Killpwd utility instructions
Microsoft has created a command utility, Killpwd.exe, to search the Microsoft SQL Server Setup files for the sa
login password. If the Killpwd.exe utility finds an occurrence of the sa
password, the sa
password is removed from the log file in basic mode operation. By default, the tool searches the Sqlsp.log, Sqlstp.log, and Setup.iss files in the %Windir
%\Temp and %Temp
% folders, where %Windir
% and %Temp
% are environment variables defined by Microsoft Windows.
Microsoft has updated the Killpwd.exe utility to include more locations where the setup files that remote and cluster installations create are located. In some scenarios, these files may have names or paths that vary from the defaults. These variants are the following:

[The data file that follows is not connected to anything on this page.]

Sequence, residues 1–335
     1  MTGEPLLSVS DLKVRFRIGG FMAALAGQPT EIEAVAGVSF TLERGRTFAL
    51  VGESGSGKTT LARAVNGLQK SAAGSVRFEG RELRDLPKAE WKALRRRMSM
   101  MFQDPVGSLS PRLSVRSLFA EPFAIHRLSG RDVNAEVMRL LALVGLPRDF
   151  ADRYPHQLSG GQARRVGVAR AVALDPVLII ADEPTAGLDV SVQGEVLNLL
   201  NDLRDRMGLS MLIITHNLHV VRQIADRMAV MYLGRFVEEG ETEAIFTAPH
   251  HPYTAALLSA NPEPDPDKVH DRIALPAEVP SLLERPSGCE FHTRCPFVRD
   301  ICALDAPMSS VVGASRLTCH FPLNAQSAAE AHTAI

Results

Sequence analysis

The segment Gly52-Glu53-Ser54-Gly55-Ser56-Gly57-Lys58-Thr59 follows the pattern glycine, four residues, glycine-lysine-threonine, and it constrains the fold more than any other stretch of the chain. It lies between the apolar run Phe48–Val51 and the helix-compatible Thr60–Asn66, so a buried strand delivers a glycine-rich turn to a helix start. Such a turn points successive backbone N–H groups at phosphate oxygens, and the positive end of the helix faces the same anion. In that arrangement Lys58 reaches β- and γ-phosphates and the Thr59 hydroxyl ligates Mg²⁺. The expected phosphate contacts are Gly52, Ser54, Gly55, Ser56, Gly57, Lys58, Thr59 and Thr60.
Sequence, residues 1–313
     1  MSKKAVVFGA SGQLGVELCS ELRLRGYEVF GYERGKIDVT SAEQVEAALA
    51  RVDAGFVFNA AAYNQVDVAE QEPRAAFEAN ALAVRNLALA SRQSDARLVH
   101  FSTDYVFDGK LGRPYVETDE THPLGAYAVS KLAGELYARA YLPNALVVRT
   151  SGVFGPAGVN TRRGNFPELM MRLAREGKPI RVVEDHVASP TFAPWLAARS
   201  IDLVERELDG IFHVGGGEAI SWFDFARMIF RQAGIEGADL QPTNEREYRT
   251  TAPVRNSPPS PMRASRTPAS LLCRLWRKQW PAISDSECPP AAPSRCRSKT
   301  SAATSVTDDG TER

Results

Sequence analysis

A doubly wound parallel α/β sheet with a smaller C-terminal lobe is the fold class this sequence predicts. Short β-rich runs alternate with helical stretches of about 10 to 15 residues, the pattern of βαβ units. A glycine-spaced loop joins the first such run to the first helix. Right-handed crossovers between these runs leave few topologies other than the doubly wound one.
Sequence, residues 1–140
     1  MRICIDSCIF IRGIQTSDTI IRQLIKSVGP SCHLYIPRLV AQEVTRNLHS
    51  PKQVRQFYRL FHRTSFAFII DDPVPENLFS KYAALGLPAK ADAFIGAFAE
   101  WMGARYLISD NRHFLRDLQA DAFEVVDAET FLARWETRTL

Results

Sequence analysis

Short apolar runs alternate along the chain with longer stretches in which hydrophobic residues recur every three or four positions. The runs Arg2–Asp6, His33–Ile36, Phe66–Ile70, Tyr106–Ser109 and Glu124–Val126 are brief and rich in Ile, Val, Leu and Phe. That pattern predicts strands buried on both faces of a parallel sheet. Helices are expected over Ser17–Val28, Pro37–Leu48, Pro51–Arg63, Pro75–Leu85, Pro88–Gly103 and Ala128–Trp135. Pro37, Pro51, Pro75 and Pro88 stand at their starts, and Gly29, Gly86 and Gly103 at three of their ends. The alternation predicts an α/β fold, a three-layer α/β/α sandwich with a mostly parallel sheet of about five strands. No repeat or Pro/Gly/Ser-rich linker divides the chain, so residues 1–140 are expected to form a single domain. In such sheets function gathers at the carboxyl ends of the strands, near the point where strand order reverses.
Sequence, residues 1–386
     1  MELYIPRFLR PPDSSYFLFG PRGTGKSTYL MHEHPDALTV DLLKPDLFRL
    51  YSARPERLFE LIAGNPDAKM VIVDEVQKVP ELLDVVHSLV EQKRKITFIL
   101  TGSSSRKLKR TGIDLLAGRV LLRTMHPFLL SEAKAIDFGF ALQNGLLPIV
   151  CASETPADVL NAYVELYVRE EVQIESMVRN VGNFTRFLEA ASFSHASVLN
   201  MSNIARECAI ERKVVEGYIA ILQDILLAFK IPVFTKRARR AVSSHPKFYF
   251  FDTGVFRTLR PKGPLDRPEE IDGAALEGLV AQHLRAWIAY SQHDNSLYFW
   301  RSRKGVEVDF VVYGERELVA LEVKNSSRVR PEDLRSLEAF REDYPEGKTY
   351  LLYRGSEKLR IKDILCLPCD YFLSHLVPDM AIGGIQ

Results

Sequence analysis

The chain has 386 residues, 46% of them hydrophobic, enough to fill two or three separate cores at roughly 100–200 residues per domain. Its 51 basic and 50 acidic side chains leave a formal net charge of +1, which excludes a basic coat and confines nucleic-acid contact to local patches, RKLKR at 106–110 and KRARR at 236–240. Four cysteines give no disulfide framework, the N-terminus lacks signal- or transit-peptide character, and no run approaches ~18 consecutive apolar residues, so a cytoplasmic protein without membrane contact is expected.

- Clustered installations will create setup files on all nodes. If you want to run the utility from a single node, you must also specify the UNC paths to the drives on remote nodes if you want to remove those files. Alternatively, you can run the utility from each node to clean up the setup files that exist locally.
- Remote files that are created for cluster setup follow the following format:
RemoteComputerName_InstanceName.issIf the computer name has been modified or if an instance has been removed, the utility will not know to search for files under these file names by default.
- If the name of the Windows cluster has been changed, the log files have the old file names. In this scenario, the utility would not know to search for files under these file names by default.
- Terminal Server connections use different %Temp% and %WinDir% folders. These folders may vary with user id and environment variables.